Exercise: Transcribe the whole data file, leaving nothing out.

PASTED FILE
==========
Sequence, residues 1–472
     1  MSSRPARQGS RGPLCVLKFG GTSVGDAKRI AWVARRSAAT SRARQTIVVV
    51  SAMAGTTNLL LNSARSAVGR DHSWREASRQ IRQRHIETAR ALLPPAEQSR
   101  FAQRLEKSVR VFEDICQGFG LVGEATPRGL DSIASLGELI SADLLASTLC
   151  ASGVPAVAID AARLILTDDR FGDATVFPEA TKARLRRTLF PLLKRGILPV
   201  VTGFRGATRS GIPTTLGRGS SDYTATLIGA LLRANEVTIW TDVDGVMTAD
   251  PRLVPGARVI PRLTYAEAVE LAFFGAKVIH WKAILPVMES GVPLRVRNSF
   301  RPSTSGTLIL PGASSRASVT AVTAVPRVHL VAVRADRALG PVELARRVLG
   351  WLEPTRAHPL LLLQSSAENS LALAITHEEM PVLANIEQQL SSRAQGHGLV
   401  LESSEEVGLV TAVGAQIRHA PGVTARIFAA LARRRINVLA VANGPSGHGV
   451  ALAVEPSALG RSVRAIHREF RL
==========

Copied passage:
Sequence, residues 1–472
     1  MSSRPARQGS RGPLCVLKFG GTSVGDAKRI AWVARRSAAT SRARQTIVVV
    51  SAMAGTTNLL LNSARSAVGR DHSWREASRQ IRQRHIETAR ALLPPAEQSR
   101  FAQRLEKSVR VFEDICQGFG LVGEATPRGL DSIASLGELI SADLLASTLC
   151  ASGVPAVAID AARLILTDDR FGDATVFPEA TKARLRRTLF PLLKRGILPV
   201  VTGFRGATRS GIPTTLGRGS SDYTATLIGA LLRANEVTIW TDVDGVMTAD
   251  PRLVPGARVI PRLTYAEAVE LAFFGAKVIH WKAILPVMES GVPLRVRNSF
   301  RPSTSGTLIL PGASSRASVT AVTAVPRVHL VAVRADRALG PVELARRVLG
   351  WLEPTRAHPL LLLQSSAENS LALAITHEEM PVLANIEQQL SSRAQGHGLV
   401  LESSEEVGLV TAVGAQIRHA PGVTARIFAA LARRRINVLA VANGPSGHGV
   451  ALAVEPSALG RSVRAIHREF RL